Monday, July 6, 2015

Kansas City Still Not Viable for NHL Expansion, But Still Not for Dumb Reasons

Kansas City is too small for hockey? Is that a fat joke?


I know, it sounds crazy.  But it's true, right there, on Sam Mellinger's blog.  And the story was only released about a week and a half after Gary Bettman's press conference announcing a new round of NHL expansion.  We're making progress here, folks.  Hockey town Kansas City, here we come!

Of course, there are problems with the logic in the article, so your resident "indignant" Kansas City hockey blog snaps into action!  But we will get to that in a moment.
Not too long ago, the faithful in Kansas City would get downright indignant if you didn’t include their fair city when discussing expansion and relocation options in the NHL. 
This is how Greg Wyshynski of Yahoo's Puck Daddy describes us in his Monday article presenting his views to Sam Mellinger's column in the Star from this weekend, linking to our blog post from three years ago.  Though it's comforting to know Wysh has us in his iCloud contacts, I'm not sure he understood my point from then.*

Now, like then, the issue was not that Kansas City was not being mentioned in relocation and/or expansion.  It was how other cities -- specifically Seattle -- were being mentioned as foregone conclusions to host an NHL team for many of the same reasons Kansas City was always mentioned (possible arena, metro area, rich people(?), etc.).  The message then -- again, as it is now -- is do not get your hopes up.  The only difference between then and now is the $500 million price tag on expansion.  (btw, still totally taking donations if you have any extra money you want to give to some random on the internet. need about...$500 million more...).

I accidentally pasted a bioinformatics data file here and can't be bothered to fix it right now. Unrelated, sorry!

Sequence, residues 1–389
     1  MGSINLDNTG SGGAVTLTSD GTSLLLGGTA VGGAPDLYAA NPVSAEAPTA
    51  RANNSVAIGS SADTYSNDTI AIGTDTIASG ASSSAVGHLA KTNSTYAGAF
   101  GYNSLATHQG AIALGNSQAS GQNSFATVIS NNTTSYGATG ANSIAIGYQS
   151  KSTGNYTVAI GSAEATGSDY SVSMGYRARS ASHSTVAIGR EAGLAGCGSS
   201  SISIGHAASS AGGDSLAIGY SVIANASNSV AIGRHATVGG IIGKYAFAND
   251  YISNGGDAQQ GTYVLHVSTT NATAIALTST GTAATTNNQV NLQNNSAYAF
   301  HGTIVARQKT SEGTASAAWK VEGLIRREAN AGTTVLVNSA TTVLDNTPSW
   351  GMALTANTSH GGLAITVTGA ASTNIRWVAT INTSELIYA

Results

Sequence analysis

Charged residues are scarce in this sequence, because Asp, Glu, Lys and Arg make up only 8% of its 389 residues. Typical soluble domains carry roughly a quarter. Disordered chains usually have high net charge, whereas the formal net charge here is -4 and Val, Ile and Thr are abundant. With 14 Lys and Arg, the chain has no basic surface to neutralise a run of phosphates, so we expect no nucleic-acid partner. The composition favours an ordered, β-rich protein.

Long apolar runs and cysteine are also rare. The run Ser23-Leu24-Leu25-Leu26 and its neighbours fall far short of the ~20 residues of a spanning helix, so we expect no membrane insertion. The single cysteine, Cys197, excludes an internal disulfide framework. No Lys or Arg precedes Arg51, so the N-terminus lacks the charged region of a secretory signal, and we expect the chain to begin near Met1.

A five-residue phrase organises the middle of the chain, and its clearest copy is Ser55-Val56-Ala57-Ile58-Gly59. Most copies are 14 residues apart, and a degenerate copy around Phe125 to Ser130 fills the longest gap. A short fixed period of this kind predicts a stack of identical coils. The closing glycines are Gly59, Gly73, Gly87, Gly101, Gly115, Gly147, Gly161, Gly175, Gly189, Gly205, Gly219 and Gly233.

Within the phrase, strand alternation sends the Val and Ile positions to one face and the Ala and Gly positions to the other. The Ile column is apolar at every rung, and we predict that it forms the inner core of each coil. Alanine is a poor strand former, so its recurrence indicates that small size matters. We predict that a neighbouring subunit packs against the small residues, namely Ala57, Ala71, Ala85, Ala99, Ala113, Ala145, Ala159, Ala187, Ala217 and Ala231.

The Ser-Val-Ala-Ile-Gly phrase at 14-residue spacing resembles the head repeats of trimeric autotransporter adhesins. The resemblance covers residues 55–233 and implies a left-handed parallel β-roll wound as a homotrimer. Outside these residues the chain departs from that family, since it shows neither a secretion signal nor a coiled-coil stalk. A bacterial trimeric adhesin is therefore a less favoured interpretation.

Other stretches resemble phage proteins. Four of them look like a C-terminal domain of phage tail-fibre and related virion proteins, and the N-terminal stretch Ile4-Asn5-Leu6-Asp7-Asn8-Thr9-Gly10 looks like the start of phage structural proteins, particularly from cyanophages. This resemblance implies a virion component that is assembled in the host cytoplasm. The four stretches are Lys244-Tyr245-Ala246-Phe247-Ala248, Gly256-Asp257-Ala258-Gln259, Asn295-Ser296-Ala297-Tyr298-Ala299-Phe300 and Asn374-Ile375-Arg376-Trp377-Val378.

Wysh is right on many accounts that Mellinger gets wrong.  Though we have already covered some of these issues, here are a few selections.

Mellinger writes:
In a parallel universe, Kansas City might already have a team. The NBA’s Thunder could be in Kansas City, if things lined up better. Same with the NHL’s Winnipeg Jets, formerly the Atlanta Thrashers.

Read more here:
Tell us more about this parallel universe (*guy poking out from behind wall* "neither of those teams would move here").
The NHL’s economic model also works against Kansas City. The league’s revenue is tightly centered around local TV contracts, even more than Major League Baseball, and it takes a lot of imagination to see the nation’s No. 31 market producing enough local TV money to make it work. That’s particularly true in a place without much hockey culture.

Read more here:
Wysh does well to debunk this myth, which Mellinger backs up with an economics professor who apparently does not watch a lot of hockey.  From Wysh:
Which might make sense if No. 32 wasn’t Columbus, and Las Vegas wasn’t No. 41 and Buffalo wasn’t No. 52, which is amazing considering that Sabres’ market is one of the League’s biggest drivers of national ratings.